How do I use it?
Preliminary hint:
Most operations described below require elevated privileges, so disabling UAC (Run->MSCONFIG.EXE->
Tools->Disable UAC) for the time being is recommended, Of course, it can be safely re-enabled after all steps have been performed. Otherwise OEMTOOL.EXE and some SLMGR.VBS operations must be explicitly run with adminstrative privileges.

1. Install the Windows Vista x86 edition of your choice without entering any product key during setup. Basically any Windows Vista x86 installation media will do, regardless if it's MSDN/Retail/OEM/..., MSDN/Retail are recommended though.

2. Install the emulation driver.

Run OEMTOOL.EXE, select the OEM BIOS information to emulate (ASUS might be a good choice given the fact that it's the only OEM for which a complete set of product keys is provided ;)) and hit the '' button.

Alternatively you can just right-click the ROYAL.INF file and chose 'Install' from the appearing menu. This only allows for installing the default OEM BIOS information (ASUS) though and is strongly discouraged unless OEMTOOL.EXE fails for some unknown reason.

When prompted about whether to install an unsigned driver, allow it. (For some odd reason Microsoft didn't wanna sign this one...;))

3. Reboot your machine.

4. Install the OEM certificate matching your OEM selection during driver installation by running


e.g. "SLMGR.VBS -ilc C:\ASUS.XRM-MS" if you chose to install the default driver and extracted the certificate file to C:\)

Note that this operation might take quite a while depending on your system, so be patient.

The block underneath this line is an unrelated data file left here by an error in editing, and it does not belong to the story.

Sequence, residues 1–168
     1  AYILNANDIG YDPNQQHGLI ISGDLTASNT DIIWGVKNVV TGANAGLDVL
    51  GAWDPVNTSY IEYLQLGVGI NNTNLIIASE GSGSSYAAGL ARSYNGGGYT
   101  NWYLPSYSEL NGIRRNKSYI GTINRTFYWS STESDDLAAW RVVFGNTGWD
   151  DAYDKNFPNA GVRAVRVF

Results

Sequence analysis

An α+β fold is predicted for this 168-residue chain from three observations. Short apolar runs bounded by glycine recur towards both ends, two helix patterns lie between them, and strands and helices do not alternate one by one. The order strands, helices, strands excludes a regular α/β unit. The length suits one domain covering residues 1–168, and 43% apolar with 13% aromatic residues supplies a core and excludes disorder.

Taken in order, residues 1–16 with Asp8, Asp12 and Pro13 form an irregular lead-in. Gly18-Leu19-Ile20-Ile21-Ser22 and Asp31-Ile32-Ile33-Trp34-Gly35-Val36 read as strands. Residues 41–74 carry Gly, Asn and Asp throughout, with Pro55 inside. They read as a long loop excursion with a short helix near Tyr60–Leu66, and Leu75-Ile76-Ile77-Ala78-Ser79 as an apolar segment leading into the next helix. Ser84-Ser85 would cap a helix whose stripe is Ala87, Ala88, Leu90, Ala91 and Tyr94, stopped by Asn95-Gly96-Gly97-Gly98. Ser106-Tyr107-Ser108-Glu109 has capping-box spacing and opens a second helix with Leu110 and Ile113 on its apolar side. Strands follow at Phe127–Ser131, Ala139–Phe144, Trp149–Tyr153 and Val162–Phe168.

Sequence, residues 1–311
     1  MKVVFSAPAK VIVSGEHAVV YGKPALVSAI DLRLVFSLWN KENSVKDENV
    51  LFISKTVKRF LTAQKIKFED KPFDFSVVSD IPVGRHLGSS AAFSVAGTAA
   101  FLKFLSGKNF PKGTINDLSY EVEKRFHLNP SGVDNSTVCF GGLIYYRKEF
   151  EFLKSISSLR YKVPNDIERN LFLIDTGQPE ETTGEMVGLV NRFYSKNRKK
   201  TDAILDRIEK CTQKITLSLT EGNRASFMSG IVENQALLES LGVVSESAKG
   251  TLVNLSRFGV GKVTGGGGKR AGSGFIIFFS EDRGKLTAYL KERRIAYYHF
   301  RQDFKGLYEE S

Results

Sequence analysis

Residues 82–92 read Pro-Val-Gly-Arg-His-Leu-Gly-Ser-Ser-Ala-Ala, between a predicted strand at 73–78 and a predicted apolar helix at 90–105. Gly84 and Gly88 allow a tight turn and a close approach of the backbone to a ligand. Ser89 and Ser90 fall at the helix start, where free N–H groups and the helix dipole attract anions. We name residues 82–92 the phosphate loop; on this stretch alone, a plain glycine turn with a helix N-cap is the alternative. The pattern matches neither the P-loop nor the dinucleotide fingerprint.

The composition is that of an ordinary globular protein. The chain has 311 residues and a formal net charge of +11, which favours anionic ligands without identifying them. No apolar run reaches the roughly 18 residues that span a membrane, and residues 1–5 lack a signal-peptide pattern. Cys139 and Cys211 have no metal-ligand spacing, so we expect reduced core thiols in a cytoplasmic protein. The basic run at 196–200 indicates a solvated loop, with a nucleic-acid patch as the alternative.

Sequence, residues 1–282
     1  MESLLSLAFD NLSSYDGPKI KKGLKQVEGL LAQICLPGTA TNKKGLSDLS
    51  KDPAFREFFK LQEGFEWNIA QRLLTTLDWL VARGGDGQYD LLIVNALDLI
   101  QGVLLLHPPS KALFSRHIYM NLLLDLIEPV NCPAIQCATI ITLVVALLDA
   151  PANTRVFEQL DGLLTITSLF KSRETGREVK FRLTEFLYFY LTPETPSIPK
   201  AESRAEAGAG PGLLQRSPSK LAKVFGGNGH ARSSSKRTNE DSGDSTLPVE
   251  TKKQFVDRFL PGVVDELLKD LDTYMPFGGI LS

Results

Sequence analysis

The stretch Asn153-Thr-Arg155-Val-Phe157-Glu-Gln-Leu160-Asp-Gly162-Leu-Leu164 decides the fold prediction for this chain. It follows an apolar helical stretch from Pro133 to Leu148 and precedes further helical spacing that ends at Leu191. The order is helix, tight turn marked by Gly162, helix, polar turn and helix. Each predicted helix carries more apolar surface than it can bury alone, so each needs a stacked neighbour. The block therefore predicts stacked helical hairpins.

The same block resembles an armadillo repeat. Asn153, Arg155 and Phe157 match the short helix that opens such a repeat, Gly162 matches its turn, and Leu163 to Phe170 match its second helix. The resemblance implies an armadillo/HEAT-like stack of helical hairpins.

5. Install an OEM product key matching the installed edition of Windows Vista x86 by running


(e.g. "SLMGR.VBS -ipk 6F2D7-2PCG6-YQQTB-FWK9V-932CC" if you're running Windows Vista Ultimate using the default emulation driver)

Note that this operation might take quite a while depending on your system, so be patient.

See PKEYS.TXT for a list of OEM product keys published by different OEMs.

6. Run 'SLMGR.VBS -dlv' or right-click 'Computer' and chose 'Properties' to verify your licensing status.

Due to the variety of possible combinations of different earlier Vista activation hacks we're not gonna provide details on 'persuading' existing installations to accept this method. During our test the general procedure depicted above worked out fine though, i.e. installing the emulation driver, rebooting the machine and then using the officially documented ways of installing a matching OEM certificate and product key should do the trick in all but the most messed up cases.